‘My BRCA diagnosis affected my sex life more than I recognised. It completely changed my relationship with my boobs, and I became really weird about my partner touching them. He in turn became really awkward about what was allowed and what wasn't. The worst thing was, that we never spoke about it. We eventually split up 4 months after my mastectomy. There was a huge focus on how I looked post op. It came as a massive shock to me, because I was really happy with the outcome, and I had no idea that he wasn't. I think at the end of the day, there needs to be more support to have these uncomfortable conversations.’ Christen from BRCA Chatter
‘My only hesitation with going through with prophylactic mastectomy is that they won’t be attractive to my husband anymore.’ MelRose
‘I feel like I have had to learn all about my body again. I don't think I realised quite how much my breasts impacted on sex. I dont think I ever thought that they did that much. But now (post mastectomies) I can really feel that my implants make me feel the distance between me and my partner...like literally. He thinks he is close to my body because our chests are touching, but I feel like I'm far away because I have no sensation. Another thing that has been interesting and tricky to negotiate is that he actually finds my new boobs really sexy. That is obviously brilliant but throws up weirdness for me because I have no sensation whatsoever...which doesn't make it a very sexy experience for me and just reminds me of everything I went through. I'm trying to find ways to communicate that when he touches my boobs now it's like his hand disappears for me which is strange...but for him, they look sexy (thanks surgeons!) and so it's a bit of a head fuck for us both.’ E
‘I feel more sexy with my new small boobs. But at first, I wasn’t sure if this would be the case. When I first had sex with my boyfriend after my prophylactic mastectomy, I wasn’t sure whether to take off my post-surgery support bra. Would it have a negative impact on my breasts? Would my boyfriend be able to find my scars, ports and implants sexy? I hesitantly asked him if I should take it off. ‘Why wouldn’t you?’ He asked. ‘You always do!’ At the time, my boyfriend didn’t realise quite how powerful this small act of acceptance was. But it had a huge impact on how I felt in my new body. So yes, the bra came off, and I feel more sexy than ever.’ C
Five tips for sex with BRCA.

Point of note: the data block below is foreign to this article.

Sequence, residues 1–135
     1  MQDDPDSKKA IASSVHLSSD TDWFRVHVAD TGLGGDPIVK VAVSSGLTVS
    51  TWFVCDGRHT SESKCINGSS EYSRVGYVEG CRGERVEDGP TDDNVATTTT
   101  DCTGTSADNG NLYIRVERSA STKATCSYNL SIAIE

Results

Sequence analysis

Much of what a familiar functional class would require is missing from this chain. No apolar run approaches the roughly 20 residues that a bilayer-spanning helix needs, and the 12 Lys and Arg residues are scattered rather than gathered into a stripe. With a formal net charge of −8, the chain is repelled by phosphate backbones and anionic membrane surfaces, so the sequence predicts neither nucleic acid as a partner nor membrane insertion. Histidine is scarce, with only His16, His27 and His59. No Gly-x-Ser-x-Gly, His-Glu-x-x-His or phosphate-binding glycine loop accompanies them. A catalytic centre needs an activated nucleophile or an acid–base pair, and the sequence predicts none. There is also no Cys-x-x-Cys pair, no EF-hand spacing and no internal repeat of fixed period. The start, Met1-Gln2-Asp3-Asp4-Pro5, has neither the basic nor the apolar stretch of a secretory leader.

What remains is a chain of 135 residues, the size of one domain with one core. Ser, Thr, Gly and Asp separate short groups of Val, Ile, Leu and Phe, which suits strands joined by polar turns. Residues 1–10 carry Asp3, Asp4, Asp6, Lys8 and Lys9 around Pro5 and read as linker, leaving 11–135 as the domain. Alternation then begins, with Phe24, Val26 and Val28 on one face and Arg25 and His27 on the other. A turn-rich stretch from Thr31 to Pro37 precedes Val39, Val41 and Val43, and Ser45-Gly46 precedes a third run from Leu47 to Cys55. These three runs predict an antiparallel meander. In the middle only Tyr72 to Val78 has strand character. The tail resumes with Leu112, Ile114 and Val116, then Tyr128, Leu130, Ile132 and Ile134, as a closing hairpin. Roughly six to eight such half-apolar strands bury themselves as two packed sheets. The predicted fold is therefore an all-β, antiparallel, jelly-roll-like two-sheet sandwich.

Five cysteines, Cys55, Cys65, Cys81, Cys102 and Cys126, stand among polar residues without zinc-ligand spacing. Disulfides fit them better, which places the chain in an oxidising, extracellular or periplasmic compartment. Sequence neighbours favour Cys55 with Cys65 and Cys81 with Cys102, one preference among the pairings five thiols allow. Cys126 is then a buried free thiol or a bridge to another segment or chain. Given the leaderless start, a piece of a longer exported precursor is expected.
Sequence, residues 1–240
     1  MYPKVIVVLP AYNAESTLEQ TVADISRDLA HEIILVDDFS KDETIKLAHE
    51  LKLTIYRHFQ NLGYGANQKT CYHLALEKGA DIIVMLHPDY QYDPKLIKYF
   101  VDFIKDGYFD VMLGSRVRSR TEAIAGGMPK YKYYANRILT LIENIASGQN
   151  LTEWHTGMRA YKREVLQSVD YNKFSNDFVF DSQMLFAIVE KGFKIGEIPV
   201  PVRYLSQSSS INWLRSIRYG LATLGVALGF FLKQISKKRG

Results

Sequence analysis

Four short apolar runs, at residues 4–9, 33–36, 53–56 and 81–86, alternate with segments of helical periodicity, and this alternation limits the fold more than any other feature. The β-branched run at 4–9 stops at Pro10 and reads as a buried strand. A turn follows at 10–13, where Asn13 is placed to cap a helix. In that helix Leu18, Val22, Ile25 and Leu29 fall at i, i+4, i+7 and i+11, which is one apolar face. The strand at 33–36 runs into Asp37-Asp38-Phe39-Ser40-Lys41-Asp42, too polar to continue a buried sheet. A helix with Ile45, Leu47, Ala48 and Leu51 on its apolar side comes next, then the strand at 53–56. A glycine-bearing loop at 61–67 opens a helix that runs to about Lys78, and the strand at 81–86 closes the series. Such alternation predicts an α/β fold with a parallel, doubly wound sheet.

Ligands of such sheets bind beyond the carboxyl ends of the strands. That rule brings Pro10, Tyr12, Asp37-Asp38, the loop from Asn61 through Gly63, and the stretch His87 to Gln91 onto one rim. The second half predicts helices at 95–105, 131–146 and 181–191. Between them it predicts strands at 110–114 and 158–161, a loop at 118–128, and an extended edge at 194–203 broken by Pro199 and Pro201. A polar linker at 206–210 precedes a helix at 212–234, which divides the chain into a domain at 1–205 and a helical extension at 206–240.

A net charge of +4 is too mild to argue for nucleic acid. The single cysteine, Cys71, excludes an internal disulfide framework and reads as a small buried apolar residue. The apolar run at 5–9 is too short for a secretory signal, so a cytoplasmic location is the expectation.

Christen from BRCA Chatter is on a mission to get us talking about all things BRCA in a safe space, with her target audience she describes as ‘me, 5 years ago’ she’s determined to be a BRCA buddy that goes beyond hospital leaflets, consultation spaces and clinical terminology.
As a BRCA 2 mutation carrier, Christen decided to go ahead with preventative surgery last year. She gave us some tips on how to reconnect with our chests and sexuality post-surgery…
1. Feel up your foobs or scars.
For women that have chosen to have preventative bi-lateral mastectomy, with or without reconstruction, the aftercare is often based upon exercises to encourage movement of shoulders, arms and the chest area. But, shouldn’t we be getting physical in another way too? Our surgeons and nurses may be too shy to tell us to feel ourselves up, but we think that’s exactly what we need to do! Getting hands on with our post-surgery chests could be a good way to get familiar and comfortable with the changes to our bodies.
2. Make it a date.
It can be easy to avoid touching our chests in the everyday, kind of like burying our heads in the sand. From chatting, we realised that perhaps the longer we do this the more we can become disassociated from our chests. So, why not set aside some me-time; a romantic rendezvous for ourselves, our foobs or our scars.
3. Try a massage.
There is a type of massage called myofascial massage, which is suitable post mastectomy. It focusses on addressing any chronic pain women might have post-surgery. It can also help soften any scar tissue. This could also be useful to start getting use to the feeling of touch on a sensitive area. Only book a massage once properly healed.
4. Chat about it.
For your own wellbeing, it is so important to start having conversations about BRCA. Firstly, speak to others in the community, they are really warm, welcoming and always willing to share their experiences (and photos). Check out #BRCAchat on Instagram, where the community have already started answering your FAQ. It’s also important to talk to partners about how you are feeling. You might suddenly feel awkward about your breast. If you are open and honest, there will hopefully be less awkwardness during intimate moments.
5. Embrace what makes you feel good.
Both pre and post mastectomy you might feel uncomfortable about your breasts. That doesn’t have to stop intimacy and pleasure. Explore new and exciting things - use this experience as an opportunity to focus on other parts of your body and getting to know your pleasure anatomy. Is there hidden sexual pleasure in erogenous zones you had never considered before? Maybe there’s more sensations to unlock within your vulva or vagina. You can do this both alone and with a partner. Get adventurous.